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Secrets of the Jewish Months: Tammuz


​The Jewish months can teach us a lot about cosmology. Contrary to what many people think, there’s actually an in-depth and detailed study about the forces, angels and names associated with each of the months. This study help us navigate better and take proper action to make the most out of the mazalot(ruling spiritual forces) that are active.

​We see these ideas in many different Halachot. For example, the Shulchan Aruch teaches us that we don’t say the penitential prayers during the month of Nissan because that’s the month of miracles. Likewise, a Jew must seek to have his court appearance during the month of Adar, when there’s great joy and happiness (and consequently higher chance he will win).


The Month of Tammuz

​The month of Tammuz is at first glance not very special or even blessed. On the 17th, we begin the period of mourning of 3 weeks with a fast, which culminates on the 9th of Av. These are apparently sad days, which most people choose to hunker down and not take any risky endeavors.

​Yet, as we’ve seen previously, this is only for those that can’t transform the darkness into light that this is an unwelcome month. Tammuz is a time of reflection and preparation for the high holidays. In fact, it is reassuring that the incredibly holy first tablets precisely on the 17th day of Tammuz. Had the Jewish People not sinned with the Golden Calf, we’d still have them intact. However, the fact that they were broken does not mean we can’t make use of their energy. In fact, the shards of the tablets were preserved for generations in the Holy Ark.

​Many Kabbalists also say that whatever sacrifices we make in abstention during these 3 weeks are worth infinitely more than in the rest of the year.


Deeper meaning of the months

​The usage of months goes much deeper than simply a measure of time. Each of the Jewish months is ruled by a corresponding permutation of the holy name of Hashem יהוה and אהיה. They are both derived from a certain verse in  Scriptures and the month of Tammuz is derived from the last letters of the verse in MegillatEsther where Haman says זה איננו שווה לי (“this is not worth me anything”), which yields the permutation הוהיand the corresponding היהא. These 2 names are great to be meditated upon the month of Tammuz (each month to its permutation), in order to absorb its power.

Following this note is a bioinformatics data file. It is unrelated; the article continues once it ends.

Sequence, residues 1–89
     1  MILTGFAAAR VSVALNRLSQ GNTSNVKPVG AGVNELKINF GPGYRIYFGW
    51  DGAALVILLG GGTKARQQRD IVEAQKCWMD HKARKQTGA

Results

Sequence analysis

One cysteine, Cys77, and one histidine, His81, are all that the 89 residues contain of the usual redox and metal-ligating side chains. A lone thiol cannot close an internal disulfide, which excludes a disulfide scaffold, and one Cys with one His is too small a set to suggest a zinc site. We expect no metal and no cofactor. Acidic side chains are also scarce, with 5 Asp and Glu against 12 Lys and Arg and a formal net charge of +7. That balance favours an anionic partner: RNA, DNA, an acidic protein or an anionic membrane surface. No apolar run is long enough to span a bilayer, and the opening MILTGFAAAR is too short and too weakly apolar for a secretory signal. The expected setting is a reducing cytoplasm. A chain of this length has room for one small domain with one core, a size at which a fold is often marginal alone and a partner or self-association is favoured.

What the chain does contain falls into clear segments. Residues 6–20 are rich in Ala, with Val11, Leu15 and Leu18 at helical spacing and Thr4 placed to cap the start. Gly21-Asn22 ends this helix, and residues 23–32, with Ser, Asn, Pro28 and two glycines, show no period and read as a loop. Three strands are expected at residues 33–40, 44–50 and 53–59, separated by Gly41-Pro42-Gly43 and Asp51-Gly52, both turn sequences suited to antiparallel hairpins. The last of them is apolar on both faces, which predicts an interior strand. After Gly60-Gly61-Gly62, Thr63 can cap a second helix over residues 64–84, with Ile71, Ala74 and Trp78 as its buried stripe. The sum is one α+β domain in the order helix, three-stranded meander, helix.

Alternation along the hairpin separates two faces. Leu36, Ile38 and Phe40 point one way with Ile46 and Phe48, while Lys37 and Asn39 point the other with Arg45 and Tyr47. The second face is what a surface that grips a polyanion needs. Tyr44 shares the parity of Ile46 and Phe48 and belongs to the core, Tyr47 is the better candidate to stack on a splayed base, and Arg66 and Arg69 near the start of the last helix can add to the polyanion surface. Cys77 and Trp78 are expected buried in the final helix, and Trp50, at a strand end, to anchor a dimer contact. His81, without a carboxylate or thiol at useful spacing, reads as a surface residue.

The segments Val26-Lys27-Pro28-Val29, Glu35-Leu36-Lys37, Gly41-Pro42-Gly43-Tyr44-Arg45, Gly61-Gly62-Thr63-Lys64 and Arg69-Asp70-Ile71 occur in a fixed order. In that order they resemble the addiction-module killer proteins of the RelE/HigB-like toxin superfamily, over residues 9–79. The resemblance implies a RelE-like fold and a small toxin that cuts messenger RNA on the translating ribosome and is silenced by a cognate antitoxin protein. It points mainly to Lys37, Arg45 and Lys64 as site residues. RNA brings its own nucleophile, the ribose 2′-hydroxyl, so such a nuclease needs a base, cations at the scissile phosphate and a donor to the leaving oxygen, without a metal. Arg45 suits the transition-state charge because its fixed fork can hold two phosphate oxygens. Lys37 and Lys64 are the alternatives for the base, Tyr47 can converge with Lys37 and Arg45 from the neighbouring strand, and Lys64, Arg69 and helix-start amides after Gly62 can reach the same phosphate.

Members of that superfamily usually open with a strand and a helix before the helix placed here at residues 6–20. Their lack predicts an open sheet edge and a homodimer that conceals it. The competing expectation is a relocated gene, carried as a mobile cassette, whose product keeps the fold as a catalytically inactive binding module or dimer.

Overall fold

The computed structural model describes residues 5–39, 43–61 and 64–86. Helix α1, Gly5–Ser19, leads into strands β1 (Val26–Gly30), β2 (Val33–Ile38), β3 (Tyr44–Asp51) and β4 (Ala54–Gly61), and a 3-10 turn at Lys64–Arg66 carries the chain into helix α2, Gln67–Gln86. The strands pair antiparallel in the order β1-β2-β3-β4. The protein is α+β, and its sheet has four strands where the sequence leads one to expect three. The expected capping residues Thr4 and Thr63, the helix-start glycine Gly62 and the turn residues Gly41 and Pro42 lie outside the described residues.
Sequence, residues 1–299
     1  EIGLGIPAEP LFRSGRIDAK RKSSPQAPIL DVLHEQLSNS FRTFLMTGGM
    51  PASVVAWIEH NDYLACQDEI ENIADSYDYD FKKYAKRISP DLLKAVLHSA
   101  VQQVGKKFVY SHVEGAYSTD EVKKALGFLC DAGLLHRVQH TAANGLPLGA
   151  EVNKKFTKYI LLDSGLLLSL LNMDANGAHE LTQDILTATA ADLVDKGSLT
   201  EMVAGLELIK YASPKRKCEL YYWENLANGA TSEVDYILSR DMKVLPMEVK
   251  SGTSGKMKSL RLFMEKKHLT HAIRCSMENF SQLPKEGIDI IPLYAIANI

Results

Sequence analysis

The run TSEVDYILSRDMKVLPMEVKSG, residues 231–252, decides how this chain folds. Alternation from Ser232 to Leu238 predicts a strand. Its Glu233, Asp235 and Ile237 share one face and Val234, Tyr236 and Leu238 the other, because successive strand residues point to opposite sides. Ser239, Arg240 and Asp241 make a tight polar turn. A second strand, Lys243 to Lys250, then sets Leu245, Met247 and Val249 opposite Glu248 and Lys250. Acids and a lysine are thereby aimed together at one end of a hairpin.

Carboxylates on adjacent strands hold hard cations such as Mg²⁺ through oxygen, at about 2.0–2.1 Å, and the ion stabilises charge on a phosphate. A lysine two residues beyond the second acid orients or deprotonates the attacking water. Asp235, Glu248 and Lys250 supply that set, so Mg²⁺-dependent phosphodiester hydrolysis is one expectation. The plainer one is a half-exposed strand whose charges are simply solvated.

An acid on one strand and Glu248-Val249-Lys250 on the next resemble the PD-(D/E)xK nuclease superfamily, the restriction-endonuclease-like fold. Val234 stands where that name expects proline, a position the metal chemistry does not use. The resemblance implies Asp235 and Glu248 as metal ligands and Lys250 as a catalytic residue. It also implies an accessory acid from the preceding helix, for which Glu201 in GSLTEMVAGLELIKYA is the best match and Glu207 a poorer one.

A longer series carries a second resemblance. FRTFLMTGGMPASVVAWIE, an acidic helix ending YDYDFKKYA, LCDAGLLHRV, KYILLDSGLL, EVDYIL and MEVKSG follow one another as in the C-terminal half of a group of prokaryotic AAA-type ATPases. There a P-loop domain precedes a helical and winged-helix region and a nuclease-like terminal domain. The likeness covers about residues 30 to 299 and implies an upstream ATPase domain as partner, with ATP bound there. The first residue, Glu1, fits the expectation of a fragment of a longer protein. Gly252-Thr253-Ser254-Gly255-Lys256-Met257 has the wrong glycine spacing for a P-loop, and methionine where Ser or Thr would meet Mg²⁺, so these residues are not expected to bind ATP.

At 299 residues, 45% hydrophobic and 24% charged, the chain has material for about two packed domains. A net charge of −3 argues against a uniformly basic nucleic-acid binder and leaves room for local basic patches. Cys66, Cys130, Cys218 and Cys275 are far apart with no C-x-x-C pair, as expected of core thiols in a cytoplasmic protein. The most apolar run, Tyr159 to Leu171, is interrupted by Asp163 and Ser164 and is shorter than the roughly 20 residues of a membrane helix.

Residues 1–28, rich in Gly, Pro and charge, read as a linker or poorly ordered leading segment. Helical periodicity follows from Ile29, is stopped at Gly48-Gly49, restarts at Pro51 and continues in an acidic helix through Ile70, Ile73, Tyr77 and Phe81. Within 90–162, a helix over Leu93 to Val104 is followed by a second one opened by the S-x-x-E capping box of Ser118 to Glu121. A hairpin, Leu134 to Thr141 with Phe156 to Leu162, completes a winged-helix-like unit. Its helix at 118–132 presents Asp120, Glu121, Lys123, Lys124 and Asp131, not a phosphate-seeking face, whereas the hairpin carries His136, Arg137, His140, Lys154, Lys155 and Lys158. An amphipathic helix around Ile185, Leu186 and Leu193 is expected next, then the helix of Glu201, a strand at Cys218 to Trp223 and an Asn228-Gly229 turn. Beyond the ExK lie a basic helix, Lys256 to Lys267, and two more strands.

​It’s important to note that the 12 months are divided into 2 halves. There’s the winter half, going through Tishrei, Cheshvan, Kislev, Tevet, Shvat and Adar, and associated with the male aspect of Hashem’s Divine Providence. The second half of summer goes from Nissan to Yiar, Sivan, Tammuz, Av and Elul, and is associated with the female aspect of Hashem’s Divine Providence. This mean that women can have a greater potential for elevation in these months.

​The Sefer Yetzirah, attributed to none less than Avraham Avinu, associates the month of Tammuz with the sense of sight and letter Chet. It is explained in the writtings of the Arizal that each month we also focus on a specific Sephira and part of the anthropomorphic part of the specific aspect, male of female, of the Divine Providence. And this also reveals to us the essential aspect of the month.

​In this vein, we see that Tammuz corresponds to the Sephira of Netzach (victory) of the feminine aspect of the divine providence, and also to the right eye. When we are in tune with Hashem, we begin noticing the clues from the spiritual system that he created. In Kabbalah we also find that the right eye corresponds to seeing things in a positive light and being receptive to our challenges, having Hashem in mind. Haman had a horrible eye, and couldn’t stand having the entire kingdom of Persia as second in command. For him, the fact that Mordechai wouldn’t bow down to him made everything worthless!

The fact that we use this verse is very telling: Hashem is teaching us that, when we are able to see things in a positive light (exact opposite of what Haman did), we sweeten the great dinim (judgments) that apparently are in the month of Tammuz and convert them to blessings, or Netzach (victory) if you will!

​May we merit to win all our challenges and derive all the power from the month of Tammuz!

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